On reflection, I preferred the angle of the cut pomegranate in the images above when it was twisted slightly. From this angle, the face of the pomegranate is quite circular and similar to the shape of the whole pomegranate.
Whenever I’m working on a painting, I first take into account how the setup would work as a drawing.
The knife lying flat would create a too dark line to sit in harmony with the rest of the objects for the lighter tone of the piece that I want, so I propped the knife with a small piece of blue tac so the blade reflected the shine of the light source.
This gives us a lighter tone in the foreground and breaks up the space. Simple, but effective.
I’ve shown the square crop to illustrate a more contemporary composition, but you can vary the crop for a more classical view depending on the feel you’re after.
Set up #2: Misdirecting the Viewer’s Eye
If you have too tight a crop combined with a strong downward directional angle, in this case, the stalk of the pear, it can guide the viewer’s eye off the bottom of the canvas rather than back into the centre of the scene.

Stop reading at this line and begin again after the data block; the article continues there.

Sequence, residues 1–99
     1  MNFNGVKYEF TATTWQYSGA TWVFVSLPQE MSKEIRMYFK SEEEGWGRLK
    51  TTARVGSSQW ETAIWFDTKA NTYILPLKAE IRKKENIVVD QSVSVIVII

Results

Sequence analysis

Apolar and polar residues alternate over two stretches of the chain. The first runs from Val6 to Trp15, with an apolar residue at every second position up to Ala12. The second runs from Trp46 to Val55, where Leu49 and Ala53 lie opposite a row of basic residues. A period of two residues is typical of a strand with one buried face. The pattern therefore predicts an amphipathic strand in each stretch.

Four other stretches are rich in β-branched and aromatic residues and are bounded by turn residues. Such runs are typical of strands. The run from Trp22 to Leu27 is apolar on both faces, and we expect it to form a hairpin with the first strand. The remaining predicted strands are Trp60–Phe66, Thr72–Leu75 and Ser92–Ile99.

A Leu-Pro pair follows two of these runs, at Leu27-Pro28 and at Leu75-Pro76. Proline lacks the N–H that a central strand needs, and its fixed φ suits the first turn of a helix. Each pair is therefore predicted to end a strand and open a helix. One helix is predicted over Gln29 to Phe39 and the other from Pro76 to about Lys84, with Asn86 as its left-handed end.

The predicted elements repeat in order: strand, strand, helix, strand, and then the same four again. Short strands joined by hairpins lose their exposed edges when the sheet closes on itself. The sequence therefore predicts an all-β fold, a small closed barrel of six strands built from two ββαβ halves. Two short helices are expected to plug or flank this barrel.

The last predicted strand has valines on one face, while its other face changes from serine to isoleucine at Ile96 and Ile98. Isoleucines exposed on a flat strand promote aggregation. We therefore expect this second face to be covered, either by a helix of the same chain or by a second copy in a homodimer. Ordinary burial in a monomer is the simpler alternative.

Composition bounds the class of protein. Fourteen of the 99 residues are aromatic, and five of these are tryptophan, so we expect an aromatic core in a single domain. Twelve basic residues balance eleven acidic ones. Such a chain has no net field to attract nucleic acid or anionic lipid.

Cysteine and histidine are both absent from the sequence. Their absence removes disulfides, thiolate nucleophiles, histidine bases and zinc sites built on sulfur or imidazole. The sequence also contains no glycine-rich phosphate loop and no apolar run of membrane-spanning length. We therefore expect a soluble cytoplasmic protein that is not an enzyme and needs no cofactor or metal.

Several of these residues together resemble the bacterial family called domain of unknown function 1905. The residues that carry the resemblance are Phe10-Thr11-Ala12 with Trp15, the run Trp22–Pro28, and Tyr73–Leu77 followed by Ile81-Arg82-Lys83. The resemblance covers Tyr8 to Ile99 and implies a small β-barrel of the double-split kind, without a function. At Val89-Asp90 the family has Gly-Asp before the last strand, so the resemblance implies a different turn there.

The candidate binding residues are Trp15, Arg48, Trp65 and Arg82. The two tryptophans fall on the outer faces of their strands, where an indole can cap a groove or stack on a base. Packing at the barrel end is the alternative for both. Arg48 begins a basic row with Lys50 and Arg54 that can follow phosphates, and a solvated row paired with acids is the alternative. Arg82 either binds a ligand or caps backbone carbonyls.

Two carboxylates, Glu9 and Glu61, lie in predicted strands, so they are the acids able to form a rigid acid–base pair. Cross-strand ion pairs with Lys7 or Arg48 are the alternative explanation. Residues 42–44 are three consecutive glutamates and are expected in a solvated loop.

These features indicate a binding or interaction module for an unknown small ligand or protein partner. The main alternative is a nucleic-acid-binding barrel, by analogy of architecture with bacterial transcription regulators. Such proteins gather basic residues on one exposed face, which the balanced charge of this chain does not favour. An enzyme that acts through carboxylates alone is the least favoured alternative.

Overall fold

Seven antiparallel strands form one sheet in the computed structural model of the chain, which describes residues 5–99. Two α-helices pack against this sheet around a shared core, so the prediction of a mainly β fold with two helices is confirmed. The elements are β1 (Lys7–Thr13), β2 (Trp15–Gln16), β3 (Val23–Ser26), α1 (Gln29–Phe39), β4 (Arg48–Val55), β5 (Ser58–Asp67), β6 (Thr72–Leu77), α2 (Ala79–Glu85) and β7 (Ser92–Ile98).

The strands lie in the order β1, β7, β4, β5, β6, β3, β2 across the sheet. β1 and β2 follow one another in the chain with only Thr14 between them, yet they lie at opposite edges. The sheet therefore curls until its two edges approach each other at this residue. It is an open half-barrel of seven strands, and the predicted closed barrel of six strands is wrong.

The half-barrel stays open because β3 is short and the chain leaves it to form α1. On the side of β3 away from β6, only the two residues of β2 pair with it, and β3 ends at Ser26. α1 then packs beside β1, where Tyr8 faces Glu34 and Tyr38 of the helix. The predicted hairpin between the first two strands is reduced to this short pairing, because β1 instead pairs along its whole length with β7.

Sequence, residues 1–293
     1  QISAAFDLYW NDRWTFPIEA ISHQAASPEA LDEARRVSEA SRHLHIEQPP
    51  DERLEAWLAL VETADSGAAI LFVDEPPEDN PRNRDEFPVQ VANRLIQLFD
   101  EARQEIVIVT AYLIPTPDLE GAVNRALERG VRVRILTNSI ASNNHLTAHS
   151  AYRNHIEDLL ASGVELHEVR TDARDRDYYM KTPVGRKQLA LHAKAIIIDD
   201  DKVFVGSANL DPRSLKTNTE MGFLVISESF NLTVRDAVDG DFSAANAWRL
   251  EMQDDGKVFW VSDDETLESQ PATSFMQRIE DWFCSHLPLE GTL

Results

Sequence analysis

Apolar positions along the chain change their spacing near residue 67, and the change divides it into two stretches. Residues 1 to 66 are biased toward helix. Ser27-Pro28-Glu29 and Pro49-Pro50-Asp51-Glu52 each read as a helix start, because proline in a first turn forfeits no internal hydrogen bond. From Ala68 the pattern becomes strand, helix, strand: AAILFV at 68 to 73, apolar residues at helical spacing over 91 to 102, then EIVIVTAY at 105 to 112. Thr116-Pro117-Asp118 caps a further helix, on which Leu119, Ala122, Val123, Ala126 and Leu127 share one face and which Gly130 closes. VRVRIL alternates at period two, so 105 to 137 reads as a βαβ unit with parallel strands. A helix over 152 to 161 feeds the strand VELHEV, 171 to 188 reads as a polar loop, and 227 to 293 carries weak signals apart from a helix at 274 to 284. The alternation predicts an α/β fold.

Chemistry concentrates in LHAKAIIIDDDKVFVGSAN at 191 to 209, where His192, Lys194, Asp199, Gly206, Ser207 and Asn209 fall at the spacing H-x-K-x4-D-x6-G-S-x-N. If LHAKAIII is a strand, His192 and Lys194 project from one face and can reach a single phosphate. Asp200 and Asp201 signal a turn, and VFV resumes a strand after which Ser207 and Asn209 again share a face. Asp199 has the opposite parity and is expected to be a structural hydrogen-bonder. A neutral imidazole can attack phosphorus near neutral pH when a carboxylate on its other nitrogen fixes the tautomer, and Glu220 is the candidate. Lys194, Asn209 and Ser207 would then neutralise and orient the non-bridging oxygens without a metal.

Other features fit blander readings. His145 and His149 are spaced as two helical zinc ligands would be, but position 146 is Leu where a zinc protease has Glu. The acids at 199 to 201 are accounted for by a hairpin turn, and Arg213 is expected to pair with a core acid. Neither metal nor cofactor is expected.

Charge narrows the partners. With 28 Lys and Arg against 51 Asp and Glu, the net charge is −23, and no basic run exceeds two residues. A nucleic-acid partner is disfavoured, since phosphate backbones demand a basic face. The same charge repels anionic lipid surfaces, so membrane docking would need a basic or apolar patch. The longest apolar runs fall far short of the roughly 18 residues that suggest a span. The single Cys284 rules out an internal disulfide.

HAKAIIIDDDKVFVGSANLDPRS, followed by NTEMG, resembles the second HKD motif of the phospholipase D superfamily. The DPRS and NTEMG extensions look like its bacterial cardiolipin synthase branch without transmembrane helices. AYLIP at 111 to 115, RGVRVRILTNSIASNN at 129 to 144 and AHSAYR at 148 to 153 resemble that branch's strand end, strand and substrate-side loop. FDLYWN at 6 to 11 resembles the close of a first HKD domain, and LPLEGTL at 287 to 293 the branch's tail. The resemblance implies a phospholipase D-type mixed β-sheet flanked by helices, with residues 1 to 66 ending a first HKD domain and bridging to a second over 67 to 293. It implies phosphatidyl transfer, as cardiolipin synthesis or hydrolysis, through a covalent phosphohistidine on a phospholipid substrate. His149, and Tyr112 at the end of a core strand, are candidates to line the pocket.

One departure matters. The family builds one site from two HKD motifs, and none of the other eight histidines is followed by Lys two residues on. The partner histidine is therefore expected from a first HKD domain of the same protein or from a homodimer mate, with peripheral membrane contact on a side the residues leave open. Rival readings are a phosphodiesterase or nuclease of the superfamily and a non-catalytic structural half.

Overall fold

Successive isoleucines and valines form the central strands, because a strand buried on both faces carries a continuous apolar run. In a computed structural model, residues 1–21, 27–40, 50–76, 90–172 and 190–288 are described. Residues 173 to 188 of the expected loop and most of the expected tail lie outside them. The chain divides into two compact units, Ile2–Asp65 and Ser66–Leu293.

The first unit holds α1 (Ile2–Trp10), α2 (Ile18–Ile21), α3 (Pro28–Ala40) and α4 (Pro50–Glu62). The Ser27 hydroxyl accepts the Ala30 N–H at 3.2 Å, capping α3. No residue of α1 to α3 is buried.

By twisting the pear, the stalk shape has a softer flow to it and the cast shadow has now been combined resulting in a more calming piece.
Set up #3: Too Many Even Shapes Creating a Solid Shape
When you’re arranging a simple still life using a bowl of fruit, the tendency can be to just pile up fruit in the centre of the bowl. What this creates, from a distance, is a circular shape around the bowl and fruit on top.
It doesn’t offer any intrigue, even if you’ve painted each individual piece of fruit perfectly within the bowl, the viewer just sees it as one large block shape.
The easiest way to change the feel and add a level of subtlety is to take one of the pieces of fruit out of the bowl and place it in front of the main subject.
This gives space for the eye to move through and also a different variety of shapes on the top line of the fruit – breaking up the shape.
Protip: You get a bonus point if you noticed the angle of view and position of the bowl has changed slightly. The clue is in the lighter shape behind the cast shadow and the curve on the top of the bowl
Peeling adds great texture, a different shape on the edge of the tangerine top and a human element to the composition.
However, this has now created a uniform triangle flow between the objects, which is o.k ….but ideally, you want the eye to try and meander through the piece, adding something else will slow the eye.